|Publication number||US6028584 A|
|Application number||US 08/920,760|
|Publication date||Feb 22, 2000|
|Filing date||Aug 29, 1997|
|Priority date||Aug 29, 1997|
|Publication number||08920760, 920760, US 6028584 A, US 6028584A, US-A-6028584, US6028584 A, US6028584A|
|Inventors||Cheng-Chin Chiang, Chun-Wei Hsieh, Tse Cheng|
|Original Assignee||Industrial Technology Research Institute|
|Export Citation||BiBTeX, EndNote, RefMan|
|Patent Citations (4), Referenced by (63), Classifications (6), Legal Events (5)|
|External Links: USPTO, USPTO Assignment, Espacenet|
The invention relates to obtaining different views of images in an image-based virtual environment.
Technologies for rendering high-quality graphics and images in real time are important to the success of virtual reality. In virtual reality applications, users can navigate freely within computer synthesized worlds. To render virtual worlds, computers are used to transform the three dimensional coordinates of objects to a two dimensional coordinate space view plane (e.g., computer screen). Inevitably, the power of computers restricts the complexity of virtual worlds being designed.
For this reason, another approach, termed "image-based rendering technology", was proposed to reduce the impact of computing power on the design of virtual worlds. This new approach uses an image or collection of images, called an environment map, which characterizes the appearance of a scene when viewed from a particular position. The environment map contains the pixel values used to display a scene. The image environment map is first wrapped onto an object surface having a certain geometry, such as a cube, a sphere, or a cylinder. Afterwards, by locating the viewing position at the geometrical center of the wrapped object, perspective-corrected views of scenes can be reconstructed from the image on the object surface during playback. For example, in an article written by Greene, entitled "Environment Mapping and Other Applications of World Projections," IEEE Computer Graphics and Applications, Vol. 6, No. 11, pages. 21-29, November 1986, six images on the faces of a cube are used as the environment map.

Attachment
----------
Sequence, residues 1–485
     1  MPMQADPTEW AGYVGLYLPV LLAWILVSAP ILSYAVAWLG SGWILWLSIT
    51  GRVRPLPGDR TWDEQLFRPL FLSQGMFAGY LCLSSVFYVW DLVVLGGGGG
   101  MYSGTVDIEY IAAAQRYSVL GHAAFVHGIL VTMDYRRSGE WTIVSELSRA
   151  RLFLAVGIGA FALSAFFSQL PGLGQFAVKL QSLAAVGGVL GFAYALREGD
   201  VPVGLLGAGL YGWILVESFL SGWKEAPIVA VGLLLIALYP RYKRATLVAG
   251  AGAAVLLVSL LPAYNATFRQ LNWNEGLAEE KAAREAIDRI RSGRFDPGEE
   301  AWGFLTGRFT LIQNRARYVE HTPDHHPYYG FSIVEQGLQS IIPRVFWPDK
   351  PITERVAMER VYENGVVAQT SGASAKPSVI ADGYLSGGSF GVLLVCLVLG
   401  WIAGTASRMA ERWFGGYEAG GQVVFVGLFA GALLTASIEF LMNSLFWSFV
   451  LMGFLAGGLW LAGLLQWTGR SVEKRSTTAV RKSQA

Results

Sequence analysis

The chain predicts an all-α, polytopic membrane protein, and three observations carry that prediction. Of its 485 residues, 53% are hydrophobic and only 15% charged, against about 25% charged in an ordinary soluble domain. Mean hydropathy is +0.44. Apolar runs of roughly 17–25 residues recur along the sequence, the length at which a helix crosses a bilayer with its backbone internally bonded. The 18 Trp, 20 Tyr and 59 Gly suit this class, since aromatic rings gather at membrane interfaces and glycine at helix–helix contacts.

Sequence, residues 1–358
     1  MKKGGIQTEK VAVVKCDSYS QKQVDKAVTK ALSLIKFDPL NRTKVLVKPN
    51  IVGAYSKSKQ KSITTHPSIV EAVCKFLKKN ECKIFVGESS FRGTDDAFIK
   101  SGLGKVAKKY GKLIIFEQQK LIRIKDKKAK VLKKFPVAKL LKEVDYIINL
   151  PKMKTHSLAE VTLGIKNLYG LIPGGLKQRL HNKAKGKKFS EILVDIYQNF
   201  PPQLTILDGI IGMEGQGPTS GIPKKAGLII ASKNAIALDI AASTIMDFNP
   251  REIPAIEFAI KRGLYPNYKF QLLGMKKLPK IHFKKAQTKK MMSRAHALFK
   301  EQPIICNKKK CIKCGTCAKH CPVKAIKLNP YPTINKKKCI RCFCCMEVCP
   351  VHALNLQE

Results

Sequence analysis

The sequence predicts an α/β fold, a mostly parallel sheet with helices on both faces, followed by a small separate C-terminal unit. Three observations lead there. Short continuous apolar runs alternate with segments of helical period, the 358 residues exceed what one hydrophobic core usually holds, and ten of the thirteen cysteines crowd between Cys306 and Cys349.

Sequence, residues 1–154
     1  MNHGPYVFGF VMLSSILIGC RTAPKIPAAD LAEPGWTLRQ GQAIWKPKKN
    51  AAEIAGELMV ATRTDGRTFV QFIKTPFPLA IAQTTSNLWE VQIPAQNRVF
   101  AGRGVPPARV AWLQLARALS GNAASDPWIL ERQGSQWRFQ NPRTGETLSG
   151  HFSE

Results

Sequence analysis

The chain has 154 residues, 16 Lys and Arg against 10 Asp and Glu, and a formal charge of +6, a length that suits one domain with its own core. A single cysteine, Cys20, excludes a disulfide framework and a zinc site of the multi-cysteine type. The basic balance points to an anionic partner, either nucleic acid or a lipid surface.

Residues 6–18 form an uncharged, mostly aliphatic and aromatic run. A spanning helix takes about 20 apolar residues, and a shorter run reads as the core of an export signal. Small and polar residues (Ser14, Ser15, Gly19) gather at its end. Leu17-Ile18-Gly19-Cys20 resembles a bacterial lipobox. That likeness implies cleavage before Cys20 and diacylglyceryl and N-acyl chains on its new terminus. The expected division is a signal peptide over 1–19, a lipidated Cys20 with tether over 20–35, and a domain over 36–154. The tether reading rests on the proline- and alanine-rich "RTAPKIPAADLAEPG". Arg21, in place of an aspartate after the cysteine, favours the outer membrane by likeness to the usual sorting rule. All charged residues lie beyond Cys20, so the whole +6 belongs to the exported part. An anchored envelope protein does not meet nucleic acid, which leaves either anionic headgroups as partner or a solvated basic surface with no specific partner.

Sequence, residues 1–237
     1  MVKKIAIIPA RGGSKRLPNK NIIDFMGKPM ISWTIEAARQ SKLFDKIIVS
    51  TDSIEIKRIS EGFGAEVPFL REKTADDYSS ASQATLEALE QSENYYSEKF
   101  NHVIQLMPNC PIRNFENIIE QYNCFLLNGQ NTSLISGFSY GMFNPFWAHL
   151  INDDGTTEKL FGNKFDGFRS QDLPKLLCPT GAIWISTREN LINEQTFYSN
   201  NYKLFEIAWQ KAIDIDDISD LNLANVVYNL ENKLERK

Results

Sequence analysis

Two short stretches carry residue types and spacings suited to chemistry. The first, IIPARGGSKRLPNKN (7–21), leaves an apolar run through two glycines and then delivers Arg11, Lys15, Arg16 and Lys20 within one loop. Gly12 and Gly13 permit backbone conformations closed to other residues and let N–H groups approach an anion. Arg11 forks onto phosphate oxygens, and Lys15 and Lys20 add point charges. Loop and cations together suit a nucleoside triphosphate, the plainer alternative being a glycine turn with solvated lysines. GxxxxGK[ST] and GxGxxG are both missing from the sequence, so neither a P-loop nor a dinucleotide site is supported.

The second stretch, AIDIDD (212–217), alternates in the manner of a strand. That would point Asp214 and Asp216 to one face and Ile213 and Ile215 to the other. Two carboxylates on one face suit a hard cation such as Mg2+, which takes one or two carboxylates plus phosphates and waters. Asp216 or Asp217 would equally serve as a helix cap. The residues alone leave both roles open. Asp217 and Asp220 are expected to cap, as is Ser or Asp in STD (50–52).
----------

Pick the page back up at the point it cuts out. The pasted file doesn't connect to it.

The basic technique for producing the perspective-corrected scene is to project a desired portion of the wrapped environment map onto a view plane, for example, the computer screen. The mathematical mapping from the wrapped environment map to the view plane depends on the geometry of the object surface and the position of the view plane in world space.
The approach provided by image-based virtual reality technology is well-suited for building virtual worlds having complex backgrounds because the time needed to render the image-based world is generally independent of the complexity of the virtual world.